Opinion 19-102

October 24, 2019


Digest:         A town justice may not consent to employment of the town supervisor's full-time confidential secretary as a part-time town court clerk.


Rules:          22 NYCRR 100.2; 100.2(A); 100.3(C)(2); Opinions 19-63; 17-73; 16-104; 12-53; 10-42; 07-196; 03-21; 98-59; 97-107.


         A town justice asks if the town supervisor’s full-time confidential secretary may also serve as the part-time town court clerk. We understand the judge and the town supervisor fully support the proposed hiring without any reservations.

         A judge must always avoid even the appearance of impropriety (see 22 NYCRR 100.2) and must always act to promote public confidence in the judiciary’s integrity and impartiality (see 22 NYCRR 100.2[A]). A judge must also require court personnel “subject to [his/her] direction and control to observe the standards of fidelity and diligence that apply to the judge” and refrain from manifesting bias or prejudice in performing their official duties (22 NYCRR 100.3[C][2]).

         The Rules Governing Judicial Conduct do not necessarily prohibit a town court clerk from holding a second job with the town. Thus, for instance, a town justice “may allow a full-time bookkeeper, office manager and receptionist for the town to also serve as town court clerk” (Opinion 07-196). Nonetheless, a town court clerk’s outside employment must not “impair the judge’s ability to fulfill the obligations of judicial office” (Opinion 97-107) or “erode public confidence in the integrity and impartiality of the judiciary” (Opinion 98-59 [internal quotation marks and citation omitted]). For example, the justice court clerk position is ethically incompatible with service as village trustee or town board member in the same municipality (see Opinions 10-42; 03-21). Likewise, we said a town court clerk must not serve as deputy supervisor in the same town (see Opinion 12-53). We noted the deputy supervisor “holds no voting rights” on the board, but “stands ready ‘to fill in and run meetings’” if the supervisor is unavailable (id.). On those facts, we concluded “the public may reasonably perceive that the court clerk is in a position to influence the decisions of the town board” despite his/her inability to vote (id.).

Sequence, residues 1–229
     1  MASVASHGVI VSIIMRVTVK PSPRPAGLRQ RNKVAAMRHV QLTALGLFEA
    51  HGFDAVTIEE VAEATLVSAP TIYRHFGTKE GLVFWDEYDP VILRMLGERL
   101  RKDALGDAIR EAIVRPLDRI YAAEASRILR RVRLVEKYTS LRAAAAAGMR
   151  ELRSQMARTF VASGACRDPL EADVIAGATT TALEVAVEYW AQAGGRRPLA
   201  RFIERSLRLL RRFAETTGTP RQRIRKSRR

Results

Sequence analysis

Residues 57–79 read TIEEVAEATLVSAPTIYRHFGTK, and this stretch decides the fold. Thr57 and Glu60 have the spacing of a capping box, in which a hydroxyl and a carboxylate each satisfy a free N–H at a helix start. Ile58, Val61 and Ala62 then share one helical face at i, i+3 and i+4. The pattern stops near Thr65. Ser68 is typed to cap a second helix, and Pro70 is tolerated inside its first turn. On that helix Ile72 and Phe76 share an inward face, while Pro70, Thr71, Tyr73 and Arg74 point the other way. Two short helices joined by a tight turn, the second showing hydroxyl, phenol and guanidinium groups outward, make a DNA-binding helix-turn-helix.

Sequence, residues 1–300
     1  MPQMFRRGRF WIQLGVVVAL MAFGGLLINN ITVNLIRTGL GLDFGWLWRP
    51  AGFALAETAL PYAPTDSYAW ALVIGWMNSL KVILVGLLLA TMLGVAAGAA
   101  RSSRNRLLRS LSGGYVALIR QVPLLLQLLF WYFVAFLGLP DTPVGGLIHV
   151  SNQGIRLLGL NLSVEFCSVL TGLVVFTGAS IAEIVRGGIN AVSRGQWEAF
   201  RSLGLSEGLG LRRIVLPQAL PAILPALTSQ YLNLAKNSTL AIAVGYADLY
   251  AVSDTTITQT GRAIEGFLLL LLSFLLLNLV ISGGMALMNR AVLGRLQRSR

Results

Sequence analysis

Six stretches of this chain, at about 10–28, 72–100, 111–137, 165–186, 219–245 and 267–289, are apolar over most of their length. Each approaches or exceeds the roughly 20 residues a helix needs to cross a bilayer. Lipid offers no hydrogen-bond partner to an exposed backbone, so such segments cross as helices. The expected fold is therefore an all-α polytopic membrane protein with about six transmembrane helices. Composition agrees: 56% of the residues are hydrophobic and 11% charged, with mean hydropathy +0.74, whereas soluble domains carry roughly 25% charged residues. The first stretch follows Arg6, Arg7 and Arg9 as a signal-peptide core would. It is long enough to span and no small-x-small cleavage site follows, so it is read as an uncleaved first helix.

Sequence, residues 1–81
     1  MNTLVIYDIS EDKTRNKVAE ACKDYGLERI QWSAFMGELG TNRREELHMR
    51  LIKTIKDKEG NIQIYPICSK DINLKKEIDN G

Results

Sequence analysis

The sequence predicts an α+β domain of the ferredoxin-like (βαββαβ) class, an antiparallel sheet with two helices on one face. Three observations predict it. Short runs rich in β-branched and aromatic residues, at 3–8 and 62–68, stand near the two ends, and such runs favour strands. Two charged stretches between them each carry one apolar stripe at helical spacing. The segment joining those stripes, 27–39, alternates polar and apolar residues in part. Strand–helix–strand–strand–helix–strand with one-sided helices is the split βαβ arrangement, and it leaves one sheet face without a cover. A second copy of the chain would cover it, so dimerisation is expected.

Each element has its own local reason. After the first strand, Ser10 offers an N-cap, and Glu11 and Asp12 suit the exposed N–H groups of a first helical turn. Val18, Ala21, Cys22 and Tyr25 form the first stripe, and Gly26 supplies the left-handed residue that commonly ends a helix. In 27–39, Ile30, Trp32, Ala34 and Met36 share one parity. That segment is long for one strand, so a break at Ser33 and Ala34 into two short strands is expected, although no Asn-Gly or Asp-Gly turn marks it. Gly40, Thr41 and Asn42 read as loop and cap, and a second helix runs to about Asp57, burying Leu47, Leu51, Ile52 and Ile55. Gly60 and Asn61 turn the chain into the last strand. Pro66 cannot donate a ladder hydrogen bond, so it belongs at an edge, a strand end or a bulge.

Equally important here, the justice court is “a separate and independent branch of government” (Opinion 17-73), even though it is locally funded (see e.g. Opinions 19-63 [“even if other branches of town government imagine the justice court as a revenue center, the Rules Governing Judicial Conduct preclude the justices from acquiescing in that concept of the court”]; 16-104 [village justice “must prohibit the court clerk from attending the mayor’s regularly scheduled meetings with the village government’s department heads”]). Thus, a village justice may not acquiesce to the combination of village court and village executive-branch clerical offices (see Opinion 17-73). Among other concerns, we noted “the proposed arrangement ... could undermine the judge’s ability to speak confidentially with his/her court clerks” (id.).

        Here, we believe employment of the town supervisor’s full-time confidential secretary as the part-time town court clerk would likewise create, at the very least, an appearance of impropriety. After all, the town supervisor presides over town board meetings and participates in setting the judge’s salary and the court’s budget. Indeed, he/she may be the most publicly visible and prominent member of the town’s executive and legislative branches. The secretary’s presumed allegiance to his/her full-time employer, the town supervisor, would raise questions about judicial independence and could undermine public confidence in the confidentiality of court matters. Accordingly, the positions are ethically incompatible and the justice may not consent to the proposed employment.